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Thou shalt not fear difficulty

It has been speculated that we, as humans, “excuse our sloth under the pretext of difficulty”. A bit of an odd and slightly convoluted phrase to say the least but one that has resonated with me. Difficulty is dreaded and often downright avoided in the fear of failure. But failure is inevitable and an integral part of learning. Difficulty is a path to grow and should not be avoided like the plague. Difficulty is one of the only constants in life.

Speaking from my own perspective, I am now a year out of university. I could easily get up, go to work, go home, and dabble with a bit of exercise to avoid ‘difficulty’. But I don’t.

I’m a keen podcast listener and utilise them within my hour-long commute to work. Rather than allowing the time in the car to float by aimlessly I use this time to learn. I’ve taken one of life’s difficulties, ‘commuting’, and confronted it and made it useful.

Working in an agency brings about a relative dose of difficulty because of the sheer variety and complexity of projects and clients. Would I change this? No. Difficulty should not be tarnished with negativity. It is important and should be embraced.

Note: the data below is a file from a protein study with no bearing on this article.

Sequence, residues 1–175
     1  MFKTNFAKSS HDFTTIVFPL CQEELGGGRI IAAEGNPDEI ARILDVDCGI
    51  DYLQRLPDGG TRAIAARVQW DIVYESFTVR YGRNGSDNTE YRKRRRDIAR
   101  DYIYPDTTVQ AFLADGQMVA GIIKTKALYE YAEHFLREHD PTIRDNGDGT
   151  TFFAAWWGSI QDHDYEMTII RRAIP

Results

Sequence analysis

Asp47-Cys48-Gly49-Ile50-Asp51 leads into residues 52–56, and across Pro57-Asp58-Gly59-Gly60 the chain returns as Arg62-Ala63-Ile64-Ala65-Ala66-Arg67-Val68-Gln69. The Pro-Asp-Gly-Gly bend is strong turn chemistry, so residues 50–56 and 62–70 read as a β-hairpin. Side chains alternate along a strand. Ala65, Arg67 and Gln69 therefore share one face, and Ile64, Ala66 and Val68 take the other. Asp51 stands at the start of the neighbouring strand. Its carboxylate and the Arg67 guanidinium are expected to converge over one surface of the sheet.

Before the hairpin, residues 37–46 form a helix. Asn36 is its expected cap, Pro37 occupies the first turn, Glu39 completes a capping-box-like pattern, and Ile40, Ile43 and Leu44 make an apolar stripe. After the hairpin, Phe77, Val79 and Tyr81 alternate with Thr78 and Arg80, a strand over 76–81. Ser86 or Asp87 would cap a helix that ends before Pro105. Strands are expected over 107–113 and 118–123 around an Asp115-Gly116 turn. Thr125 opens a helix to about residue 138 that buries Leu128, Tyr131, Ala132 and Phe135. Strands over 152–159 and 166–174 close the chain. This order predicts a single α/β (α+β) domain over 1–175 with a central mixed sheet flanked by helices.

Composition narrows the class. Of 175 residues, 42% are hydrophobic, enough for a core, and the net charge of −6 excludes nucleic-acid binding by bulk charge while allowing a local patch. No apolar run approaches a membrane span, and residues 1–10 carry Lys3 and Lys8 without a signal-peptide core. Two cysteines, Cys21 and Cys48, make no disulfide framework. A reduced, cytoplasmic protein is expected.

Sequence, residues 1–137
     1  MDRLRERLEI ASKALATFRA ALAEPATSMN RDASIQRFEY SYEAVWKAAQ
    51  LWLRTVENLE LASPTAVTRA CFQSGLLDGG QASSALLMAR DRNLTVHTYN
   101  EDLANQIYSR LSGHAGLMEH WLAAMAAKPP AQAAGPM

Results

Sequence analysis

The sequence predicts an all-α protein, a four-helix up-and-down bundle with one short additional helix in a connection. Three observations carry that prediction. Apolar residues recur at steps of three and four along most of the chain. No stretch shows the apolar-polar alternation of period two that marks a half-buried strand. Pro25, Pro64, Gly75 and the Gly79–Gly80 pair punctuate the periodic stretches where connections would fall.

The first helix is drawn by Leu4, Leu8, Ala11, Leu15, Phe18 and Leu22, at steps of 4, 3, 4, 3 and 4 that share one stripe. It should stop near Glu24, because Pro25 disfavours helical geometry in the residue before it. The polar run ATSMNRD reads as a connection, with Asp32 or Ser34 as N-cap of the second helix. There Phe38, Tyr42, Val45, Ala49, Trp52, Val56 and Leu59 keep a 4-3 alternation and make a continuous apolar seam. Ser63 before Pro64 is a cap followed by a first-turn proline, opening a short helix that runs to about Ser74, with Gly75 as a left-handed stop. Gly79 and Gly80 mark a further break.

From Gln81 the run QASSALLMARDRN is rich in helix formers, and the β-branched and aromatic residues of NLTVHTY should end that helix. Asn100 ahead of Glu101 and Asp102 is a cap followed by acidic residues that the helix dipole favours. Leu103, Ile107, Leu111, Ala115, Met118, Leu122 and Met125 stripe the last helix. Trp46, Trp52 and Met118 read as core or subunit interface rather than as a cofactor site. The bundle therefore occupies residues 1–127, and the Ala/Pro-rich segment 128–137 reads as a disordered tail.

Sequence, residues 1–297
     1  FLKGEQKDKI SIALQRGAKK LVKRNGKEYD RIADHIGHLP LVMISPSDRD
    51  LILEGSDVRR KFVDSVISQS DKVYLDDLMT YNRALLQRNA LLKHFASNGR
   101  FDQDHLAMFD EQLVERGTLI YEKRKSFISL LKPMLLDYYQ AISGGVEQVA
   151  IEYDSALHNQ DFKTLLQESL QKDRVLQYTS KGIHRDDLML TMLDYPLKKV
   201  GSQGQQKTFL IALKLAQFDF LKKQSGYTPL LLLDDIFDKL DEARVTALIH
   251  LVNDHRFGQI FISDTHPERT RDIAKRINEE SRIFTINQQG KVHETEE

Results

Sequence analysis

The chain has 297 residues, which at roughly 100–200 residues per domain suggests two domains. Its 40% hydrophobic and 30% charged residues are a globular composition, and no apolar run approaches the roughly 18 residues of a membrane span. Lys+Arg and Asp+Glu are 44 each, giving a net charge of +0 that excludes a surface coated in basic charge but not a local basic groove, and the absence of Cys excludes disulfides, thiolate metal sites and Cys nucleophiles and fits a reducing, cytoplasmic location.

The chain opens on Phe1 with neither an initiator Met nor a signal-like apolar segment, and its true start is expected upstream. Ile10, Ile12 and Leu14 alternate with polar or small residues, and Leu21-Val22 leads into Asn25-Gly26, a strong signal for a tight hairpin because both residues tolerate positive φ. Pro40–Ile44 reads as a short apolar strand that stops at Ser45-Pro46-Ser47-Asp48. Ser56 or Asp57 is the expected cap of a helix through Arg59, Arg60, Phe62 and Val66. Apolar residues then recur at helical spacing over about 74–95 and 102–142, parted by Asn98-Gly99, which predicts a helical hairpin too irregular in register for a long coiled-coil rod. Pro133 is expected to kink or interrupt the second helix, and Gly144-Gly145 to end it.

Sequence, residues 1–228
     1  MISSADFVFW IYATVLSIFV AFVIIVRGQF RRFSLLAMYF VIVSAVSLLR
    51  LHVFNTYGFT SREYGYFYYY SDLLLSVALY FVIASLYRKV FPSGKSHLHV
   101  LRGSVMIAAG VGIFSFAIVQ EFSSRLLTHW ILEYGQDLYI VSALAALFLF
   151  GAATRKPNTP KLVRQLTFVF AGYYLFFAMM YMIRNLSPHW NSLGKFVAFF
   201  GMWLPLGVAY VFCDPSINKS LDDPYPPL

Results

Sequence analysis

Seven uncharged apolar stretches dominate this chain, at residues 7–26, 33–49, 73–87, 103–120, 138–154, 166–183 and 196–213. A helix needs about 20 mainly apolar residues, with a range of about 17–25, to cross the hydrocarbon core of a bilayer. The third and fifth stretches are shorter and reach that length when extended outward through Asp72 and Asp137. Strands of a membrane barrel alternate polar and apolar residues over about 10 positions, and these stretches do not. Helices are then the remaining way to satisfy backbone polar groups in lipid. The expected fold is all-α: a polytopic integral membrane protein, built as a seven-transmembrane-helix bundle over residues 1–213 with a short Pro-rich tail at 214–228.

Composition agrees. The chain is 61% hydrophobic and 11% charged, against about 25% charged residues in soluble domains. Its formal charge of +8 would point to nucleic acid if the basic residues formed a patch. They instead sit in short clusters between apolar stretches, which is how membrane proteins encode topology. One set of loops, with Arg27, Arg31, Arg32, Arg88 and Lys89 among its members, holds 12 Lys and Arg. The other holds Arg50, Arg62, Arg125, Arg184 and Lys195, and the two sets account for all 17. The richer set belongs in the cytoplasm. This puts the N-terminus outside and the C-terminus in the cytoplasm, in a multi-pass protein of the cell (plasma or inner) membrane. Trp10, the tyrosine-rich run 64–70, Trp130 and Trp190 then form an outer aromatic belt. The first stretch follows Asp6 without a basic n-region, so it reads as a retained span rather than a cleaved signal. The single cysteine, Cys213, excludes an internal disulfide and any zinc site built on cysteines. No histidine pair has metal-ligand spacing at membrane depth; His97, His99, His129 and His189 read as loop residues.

Just like success, difficulty is a vehicle that can help us learn and grow. I’m going to continue to pursue “difficult” activities whether this be pursuing a project outside my usual job role at work, bouldering, learning a new language or taking a 27-year-old campervan with no power steering abroad. I’m not sure if it’s just me, but the difficult situations seem to be the most memorable and impactful.

So, my one task to you is to select one thing— this could be anything at all. You may dislike doing it and it could even make you feel apprehensive. The aim is to embrace that ‘difficulty’ and rise to the challenge—to arrive at a new understanding about yourself and the world around you.

Comfort rarely, if ever, leads to growth. Instead, the drive of growth is conscious discomfort. 

So, long live “difficulty”. Plus, as Albert Einstein famously said: ‘In the middle of difficulty lies opportunity’. Who can argue with Einstein?!

Sophie Beckley, Planner

Talk to Sophie about how we can help you create an immersive connection with your customers - 01902 714 957 sophie.beckley@connect-group.com